The first item on my list was not really a disaster, it was more of a roadside attraction not really worth its own article. I was strolling through a nice little coastal town with the usual array of canals, when out of nowhere I saw this abandoned boat right next to the street. There must be thousands of abandoned boats all over Japan, most of them made of wood and rotting away, not even worth taking a photo of, but this one intrigued me for some reason; and that reason probably was the Japan Pro Bass Tournament Association sticker on the side…

A week later I went to the mountains to have a look at the Minoh / Minoo Cable Car. While the upper station was on the back of a hotel and therefore inaccessible, the lower station was… pretty much dead, too. Even in February there was little more left to see than some concrete steps and the partly overgrown track. BOOOOORING!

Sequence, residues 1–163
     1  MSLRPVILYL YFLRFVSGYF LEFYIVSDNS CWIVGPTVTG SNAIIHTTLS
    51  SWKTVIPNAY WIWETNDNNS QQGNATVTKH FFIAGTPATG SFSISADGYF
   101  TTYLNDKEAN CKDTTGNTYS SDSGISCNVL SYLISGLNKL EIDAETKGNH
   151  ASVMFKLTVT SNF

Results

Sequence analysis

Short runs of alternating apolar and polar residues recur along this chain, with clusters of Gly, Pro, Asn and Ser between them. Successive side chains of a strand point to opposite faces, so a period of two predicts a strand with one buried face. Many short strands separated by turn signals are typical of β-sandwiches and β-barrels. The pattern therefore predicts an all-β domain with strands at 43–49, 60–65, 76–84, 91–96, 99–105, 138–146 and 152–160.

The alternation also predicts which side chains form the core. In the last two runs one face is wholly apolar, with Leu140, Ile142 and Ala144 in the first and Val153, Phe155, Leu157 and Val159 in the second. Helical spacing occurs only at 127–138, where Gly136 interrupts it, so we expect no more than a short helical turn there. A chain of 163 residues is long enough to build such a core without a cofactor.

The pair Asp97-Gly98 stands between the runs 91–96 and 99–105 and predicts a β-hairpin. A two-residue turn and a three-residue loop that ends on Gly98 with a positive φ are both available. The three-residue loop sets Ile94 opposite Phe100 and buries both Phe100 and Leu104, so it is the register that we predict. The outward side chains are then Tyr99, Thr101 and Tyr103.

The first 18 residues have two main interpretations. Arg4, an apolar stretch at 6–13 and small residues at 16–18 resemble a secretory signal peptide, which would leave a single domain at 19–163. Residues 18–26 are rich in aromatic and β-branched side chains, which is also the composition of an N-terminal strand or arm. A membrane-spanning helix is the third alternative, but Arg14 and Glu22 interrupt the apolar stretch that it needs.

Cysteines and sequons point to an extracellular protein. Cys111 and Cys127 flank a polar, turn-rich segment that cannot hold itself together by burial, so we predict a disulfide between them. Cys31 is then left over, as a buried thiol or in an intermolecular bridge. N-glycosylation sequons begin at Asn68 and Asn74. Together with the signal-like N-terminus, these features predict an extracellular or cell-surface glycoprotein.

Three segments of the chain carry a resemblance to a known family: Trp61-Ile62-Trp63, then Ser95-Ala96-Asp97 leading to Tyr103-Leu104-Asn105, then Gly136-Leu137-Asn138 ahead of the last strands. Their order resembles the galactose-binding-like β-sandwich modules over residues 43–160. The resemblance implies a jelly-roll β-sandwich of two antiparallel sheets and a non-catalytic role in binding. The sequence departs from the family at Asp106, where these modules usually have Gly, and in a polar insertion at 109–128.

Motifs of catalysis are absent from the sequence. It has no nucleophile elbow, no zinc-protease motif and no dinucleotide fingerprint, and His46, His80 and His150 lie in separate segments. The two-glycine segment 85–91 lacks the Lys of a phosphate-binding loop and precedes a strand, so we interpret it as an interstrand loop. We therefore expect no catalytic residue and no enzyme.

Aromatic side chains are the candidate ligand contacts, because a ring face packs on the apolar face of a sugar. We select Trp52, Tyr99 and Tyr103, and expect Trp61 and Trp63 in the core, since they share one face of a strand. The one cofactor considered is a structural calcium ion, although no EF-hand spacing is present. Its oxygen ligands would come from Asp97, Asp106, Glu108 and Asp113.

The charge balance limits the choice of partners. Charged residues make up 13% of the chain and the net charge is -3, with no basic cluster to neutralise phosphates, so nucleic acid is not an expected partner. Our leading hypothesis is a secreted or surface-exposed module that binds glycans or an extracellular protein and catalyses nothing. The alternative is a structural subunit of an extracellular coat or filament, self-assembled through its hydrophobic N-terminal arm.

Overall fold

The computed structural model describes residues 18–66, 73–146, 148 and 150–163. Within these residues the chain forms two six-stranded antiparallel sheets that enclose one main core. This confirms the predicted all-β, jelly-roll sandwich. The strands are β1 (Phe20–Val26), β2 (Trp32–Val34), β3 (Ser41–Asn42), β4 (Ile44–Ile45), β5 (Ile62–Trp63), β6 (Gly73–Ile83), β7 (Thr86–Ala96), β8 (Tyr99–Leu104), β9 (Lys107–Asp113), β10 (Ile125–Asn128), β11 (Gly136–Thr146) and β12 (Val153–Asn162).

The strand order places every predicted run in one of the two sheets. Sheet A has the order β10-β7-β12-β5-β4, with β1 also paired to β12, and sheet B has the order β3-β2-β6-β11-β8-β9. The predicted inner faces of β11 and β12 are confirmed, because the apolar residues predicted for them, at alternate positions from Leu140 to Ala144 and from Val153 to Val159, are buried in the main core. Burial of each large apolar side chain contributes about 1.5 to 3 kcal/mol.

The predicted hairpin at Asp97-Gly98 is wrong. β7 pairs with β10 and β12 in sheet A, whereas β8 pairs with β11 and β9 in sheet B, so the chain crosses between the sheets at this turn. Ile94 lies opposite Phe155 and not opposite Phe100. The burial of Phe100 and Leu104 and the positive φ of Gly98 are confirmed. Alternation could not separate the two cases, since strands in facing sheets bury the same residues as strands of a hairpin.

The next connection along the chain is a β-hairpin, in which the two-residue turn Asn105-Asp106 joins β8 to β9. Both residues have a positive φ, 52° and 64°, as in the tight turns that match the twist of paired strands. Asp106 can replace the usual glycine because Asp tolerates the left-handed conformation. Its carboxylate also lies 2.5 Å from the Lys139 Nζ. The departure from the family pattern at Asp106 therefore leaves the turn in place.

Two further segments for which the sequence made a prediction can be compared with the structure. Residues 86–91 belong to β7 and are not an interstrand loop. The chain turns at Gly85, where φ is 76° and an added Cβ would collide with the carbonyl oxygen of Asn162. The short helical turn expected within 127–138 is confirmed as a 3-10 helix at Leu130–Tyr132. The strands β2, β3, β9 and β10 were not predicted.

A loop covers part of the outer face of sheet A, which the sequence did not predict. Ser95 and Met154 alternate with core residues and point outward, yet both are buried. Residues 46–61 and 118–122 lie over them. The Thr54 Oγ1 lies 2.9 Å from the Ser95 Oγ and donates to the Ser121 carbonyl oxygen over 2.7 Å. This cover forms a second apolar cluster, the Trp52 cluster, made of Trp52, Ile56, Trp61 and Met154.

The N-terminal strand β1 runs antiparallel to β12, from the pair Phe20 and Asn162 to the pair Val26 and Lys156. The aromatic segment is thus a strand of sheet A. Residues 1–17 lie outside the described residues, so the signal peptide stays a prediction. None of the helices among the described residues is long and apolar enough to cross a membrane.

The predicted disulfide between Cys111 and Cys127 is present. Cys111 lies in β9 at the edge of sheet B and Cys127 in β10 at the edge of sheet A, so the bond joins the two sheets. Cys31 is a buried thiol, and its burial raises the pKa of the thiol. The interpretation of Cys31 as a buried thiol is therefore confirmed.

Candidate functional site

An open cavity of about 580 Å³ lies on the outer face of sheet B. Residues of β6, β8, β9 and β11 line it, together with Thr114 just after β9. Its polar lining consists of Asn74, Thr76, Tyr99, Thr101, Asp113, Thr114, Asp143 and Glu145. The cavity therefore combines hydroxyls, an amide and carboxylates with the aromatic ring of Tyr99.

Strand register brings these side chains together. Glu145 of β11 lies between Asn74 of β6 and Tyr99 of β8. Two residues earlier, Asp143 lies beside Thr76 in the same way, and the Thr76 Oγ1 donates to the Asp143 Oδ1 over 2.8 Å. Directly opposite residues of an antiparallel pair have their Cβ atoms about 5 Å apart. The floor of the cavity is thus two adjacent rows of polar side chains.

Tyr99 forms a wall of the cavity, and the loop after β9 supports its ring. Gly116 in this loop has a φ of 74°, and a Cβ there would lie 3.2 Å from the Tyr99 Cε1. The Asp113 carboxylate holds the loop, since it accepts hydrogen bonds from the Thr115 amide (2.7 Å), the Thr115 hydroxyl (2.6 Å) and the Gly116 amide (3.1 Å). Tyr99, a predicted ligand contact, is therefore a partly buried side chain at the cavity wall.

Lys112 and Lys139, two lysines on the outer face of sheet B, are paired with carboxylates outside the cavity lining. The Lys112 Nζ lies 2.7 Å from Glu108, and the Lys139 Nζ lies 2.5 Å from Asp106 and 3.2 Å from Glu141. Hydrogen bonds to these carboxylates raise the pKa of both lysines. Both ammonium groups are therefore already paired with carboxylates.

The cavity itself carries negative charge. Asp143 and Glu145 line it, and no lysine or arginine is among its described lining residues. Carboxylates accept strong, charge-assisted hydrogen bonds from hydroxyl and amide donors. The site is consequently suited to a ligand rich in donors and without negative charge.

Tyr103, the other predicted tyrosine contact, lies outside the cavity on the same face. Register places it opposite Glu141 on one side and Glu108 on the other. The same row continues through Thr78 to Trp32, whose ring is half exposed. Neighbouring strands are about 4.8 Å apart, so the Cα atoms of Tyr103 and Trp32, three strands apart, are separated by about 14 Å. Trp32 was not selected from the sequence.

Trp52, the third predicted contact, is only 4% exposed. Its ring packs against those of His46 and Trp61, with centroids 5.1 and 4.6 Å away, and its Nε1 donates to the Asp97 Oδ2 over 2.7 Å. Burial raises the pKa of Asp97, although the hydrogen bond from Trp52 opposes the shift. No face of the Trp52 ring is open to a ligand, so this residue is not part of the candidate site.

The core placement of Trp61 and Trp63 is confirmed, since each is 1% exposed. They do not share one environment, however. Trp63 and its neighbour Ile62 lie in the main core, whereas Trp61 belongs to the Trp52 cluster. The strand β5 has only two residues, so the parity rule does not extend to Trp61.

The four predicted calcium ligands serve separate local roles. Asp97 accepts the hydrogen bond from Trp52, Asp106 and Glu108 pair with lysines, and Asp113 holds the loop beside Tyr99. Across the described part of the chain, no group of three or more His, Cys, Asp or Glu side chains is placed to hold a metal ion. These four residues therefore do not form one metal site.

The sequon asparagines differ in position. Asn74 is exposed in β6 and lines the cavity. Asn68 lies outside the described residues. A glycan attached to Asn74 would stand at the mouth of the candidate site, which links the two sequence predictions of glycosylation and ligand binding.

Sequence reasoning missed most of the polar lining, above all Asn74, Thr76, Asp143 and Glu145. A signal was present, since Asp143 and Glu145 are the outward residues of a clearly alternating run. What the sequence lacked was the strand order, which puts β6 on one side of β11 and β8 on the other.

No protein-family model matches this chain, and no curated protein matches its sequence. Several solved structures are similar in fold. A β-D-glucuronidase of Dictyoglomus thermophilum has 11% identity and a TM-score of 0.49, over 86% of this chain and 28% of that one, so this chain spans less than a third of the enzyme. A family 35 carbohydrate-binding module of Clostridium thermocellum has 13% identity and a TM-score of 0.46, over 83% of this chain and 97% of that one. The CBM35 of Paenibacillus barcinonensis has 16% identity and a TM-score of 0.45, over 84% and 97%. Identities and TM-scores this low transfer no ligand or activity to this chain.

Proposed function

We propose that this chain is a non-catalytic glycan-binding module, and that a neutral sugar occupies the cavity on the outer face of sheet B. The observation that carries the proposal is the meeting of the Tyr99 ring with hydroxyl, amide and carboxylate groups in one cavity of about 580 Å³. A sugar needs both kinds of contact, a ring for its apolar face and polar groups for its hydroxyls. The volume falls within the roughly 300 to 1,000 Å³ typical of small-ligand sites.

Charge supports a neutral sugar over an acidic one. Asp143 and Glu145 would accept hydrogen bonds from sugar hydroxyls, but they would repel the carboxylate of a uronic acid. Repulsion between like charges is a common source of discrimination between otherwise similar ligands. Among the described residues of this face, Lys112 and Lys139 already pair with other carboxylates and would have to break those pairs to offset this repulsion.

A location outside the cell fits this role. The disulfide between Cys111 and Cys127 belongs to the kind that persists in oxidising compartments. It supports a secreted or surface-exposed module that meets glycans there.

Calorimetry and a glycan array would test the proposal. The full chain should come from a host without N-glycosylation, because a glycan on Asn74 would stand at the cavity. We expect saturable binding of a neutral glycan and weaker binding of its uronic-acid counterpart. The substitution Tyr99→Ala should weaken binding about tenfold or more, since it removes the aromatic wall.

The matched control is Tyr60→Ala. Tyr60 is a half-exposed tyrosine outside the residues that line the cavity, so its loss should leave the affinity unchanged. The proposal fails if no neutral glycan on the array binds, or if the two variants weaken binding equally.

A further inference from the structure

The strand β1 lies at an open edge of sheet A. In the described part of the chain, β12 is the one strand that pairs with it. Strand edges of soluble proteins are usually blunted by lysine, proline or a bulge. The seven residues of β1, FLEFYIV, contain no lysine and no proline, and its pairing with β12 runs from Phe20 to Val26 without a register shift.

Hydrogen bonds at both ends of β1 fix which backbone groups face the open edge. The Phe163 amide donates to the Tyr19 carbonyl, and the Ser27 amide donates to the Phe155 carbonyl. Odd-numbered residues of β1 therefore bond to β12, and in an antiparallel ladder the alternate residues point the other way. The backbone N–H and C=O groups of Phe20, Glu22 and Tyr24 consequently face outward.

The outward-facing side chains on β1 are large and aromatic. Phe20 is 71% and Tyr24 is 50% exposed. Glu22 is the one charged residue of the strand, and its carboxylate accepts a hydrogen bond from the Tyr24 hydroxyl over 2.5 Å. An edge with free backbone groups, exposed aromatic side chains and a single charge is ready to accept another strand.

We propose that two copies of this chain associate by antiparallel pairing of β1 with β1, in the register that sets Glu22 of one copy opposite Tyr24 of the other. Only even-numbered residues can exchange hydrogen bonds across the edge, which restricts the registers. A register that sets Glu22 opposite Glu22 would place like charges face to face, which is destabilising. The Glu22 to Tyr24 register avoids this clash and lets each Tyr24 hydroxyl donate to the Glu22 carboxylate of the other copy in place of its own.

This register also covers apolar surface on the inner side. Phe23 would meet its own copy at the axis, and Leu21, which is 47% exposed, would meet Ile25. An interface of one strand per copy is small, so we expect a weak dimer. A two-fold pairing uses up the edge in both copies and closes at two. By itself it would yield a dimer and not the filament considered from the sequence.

Even worse was the demolished Ropeway Station I saw in Wakayama City. Or didn’t see, as it was demolished. The lower part was completely gone, the upper part had a few remains, like a slab of concrete on top of a hill and some small square foundations on a slope. What a waste of time!

In May, after a *disastrous Golden Week*, I went to Oita prefecture on Kyushu and stayed the night in Oita city – in the morning I fully realized that the JR station was in the process of being renovated, making part of it look as if it was abandoned. Nothing special, just a few snapshots.

A week later I made a stop in Onomichi on my way home from the rabbit island *Okunoshima*. Onomichi Castle has no historical relevance as it was built in 1964 as a tourist spot – and closed in 1992 due to lack of interest. (Even the official city guide recommends a castle three islands down the Shimanami Kaido, a road connecting Honshu and Shikoku with a set of bridges.) In the two decades since then the surrounding garden has been completely overgrown, but it is said that the castle was welded shut anyway – but it looks kind of cool, especially from the distance.